Do you need the ability to quickly explore the resources across all your subscription and see what you are running? If you’re answer is yes, then Azure Resource Graph is the service for you.
The Azure Resource graph, based off the Kusto query language, is a service in Azure that gives you the ability to query your environment at scale and quickly. It allows you to query and parse the properties of your resources returned by resource providers without needing to make individual calls to each resource provider. It can also allow you to view the last 14 days of change history made to the resource to see what properties changed and when(preview). You can query using Azure CLI, Azure PowerShell, and Azure SDK for .NET. And using the Azure Resource Graph Explorer.
Azure Resource Graph was designed to help customers manage large-scale environments but you don’t have to have a large environment to see its value. Prior to Azure Resource Graph, the process to query your resources was limited to 2000 items and involved complex scripts, which at times would cause bottlenecks and timeouts. Now with Azure resource graph all resources are returned during a query. The power of the service can also be seen running the Portal’s search bar and in the new “All Resources” (in Preview), all of which is now being powered by the Azure Resource graph.
The older view of “All Resources” with the screenshot below is limited to 2000 items.
The previous screenshot can only show 2000. The search should return over 9000 resources. Here’s what the same search looks like in the preview with the new “All Resources”.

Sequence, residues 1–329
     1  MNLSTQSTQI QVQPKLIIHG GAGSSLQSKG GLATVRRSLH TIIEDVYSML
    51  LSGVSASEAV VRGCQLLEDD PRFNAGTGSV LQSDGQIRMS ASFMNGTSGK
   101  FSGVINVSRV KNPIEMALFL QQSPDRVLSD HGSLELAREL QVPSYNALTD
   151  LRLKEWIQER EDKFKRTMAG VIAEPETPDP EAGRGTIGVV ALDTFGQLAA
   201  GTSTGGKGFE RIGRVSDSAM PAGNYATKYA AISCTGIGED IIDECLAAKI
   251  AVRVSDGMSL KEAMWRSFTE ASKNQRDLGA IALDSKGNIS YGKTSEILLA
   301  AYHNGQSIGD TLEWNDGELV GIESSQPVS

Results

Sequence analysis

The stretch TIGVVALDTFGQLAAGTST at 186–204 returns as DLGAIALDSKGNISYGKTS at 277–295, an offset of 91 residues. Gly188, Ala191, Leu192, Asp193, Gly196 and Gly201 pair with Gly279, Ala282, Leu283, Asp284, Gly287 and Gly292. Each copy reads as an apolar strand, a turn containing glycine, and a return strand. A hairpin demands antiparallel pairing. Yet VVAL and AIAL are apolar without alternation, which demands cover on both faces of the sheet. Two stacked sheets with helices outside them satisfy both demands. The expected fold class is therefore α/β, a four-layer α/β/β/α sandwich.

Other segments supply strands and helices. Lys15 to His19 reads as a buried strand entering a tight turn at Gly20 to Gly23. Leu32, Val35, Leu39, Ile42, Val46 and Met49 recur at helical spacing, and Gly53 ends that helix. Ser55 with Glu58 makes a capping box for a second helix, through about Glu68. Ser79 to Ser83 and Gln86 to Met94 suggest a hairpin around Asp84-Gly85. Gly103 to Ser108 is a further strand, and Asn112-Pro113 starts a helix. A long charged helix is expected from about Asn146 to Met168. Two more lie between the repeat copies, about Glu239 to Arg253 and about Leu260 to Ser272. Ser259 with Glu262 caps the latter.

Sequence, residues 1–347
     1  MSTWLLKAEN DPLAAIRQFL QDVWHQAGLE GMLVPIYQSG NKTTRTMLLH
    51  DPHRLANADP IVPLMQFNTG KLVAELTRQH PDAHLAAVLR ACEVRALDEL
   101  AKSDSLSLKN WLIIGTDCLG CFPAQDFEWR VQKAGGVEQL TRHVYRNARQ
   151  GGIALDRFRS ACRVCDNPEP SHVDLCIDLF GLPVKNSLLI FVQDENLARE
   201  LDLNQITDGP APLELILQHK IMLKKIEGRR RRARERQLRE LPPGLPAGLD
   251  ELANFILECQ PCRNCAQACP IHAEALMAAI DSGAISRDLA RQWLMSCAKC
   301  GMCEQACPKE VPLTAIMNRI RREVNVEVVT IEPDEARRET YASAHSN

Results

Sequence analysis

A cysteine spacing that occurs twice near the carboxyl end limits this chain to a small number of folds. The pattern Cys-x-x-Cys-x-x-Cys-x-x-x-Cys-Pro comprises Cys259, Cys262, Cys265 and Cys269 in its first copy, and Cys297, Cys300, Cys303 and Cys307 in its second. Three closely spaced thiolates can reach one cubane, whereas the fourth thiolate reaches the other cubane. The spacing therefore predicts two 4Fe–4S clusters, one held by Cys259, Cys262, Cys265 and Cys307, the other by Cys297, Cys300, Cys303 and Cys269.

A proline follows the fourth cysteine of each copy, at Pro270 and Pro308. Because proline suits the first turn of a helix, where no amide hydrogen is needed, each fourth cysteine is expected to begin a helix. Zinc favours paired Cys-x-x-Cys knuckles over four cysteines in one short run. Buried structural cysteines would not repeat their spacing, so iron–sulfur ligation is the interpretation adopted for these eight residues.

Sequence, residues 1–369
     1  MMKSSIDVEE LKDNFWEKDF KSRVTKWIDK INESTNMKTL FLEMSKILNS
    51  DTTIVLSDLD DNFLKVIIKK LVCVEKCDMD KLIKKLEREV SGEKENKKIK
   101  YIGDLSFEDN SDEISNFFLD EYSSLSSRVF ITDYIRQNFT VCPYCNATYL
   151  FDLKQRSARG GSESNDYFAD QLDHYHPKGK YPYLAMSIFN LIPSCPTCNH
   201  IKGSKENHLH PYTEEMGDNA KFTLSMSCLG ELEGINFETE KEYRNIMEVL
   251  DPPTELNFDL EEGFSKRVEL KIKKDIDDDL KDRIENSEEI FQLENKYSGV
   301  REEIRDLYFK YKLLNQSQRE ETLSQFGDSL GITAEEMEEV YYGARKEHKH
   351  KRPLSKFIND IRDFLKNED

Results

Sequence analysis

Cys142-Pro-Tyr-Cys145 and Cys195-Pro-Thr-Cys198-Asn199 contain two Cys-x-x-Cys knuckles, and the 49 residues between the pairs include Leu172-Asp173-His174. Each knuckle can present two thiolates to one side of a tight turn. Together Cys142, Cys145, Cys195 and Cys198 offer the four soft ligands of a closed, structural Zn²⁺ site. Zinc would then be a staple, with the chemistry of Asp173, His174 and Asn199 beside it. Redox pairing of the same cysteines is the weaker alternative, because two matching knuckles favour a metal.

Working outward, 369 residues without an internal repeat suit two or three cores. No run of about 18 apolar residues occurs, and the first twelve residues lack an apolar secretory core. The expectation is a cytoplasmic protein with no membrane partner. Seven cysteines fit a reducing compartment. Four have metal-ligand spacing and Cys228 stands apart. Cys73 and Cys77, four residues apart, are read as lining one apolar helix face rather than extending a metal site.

While the black background of Azure cli and PowerShell is quick it can be intimating to others that are not so comfortable with command line ,this is where the power of Azure Resource Graph really shines. Azure Resource Graph Explorer brings a more graphical user interface to querying your resources. It not only gives you a UI but you can even display the query results with a chart and pin those results to your dashboard. Now that’s something you can’t do via the command line and can be very useful from a reporting aspect.
An example of a query that you normally couldn’t do easily is query any running disks in across your subscriptions that are not attached. See below screenshot.
To get started with Azure Resource graph you can check out the starter queries here. Dig into it and explore across your subscriptions. You may find stuff you didn’t know existed.
© Microsoft. This article was originally published by Microsoft's ITOps Talk Blog. You can find the original article here.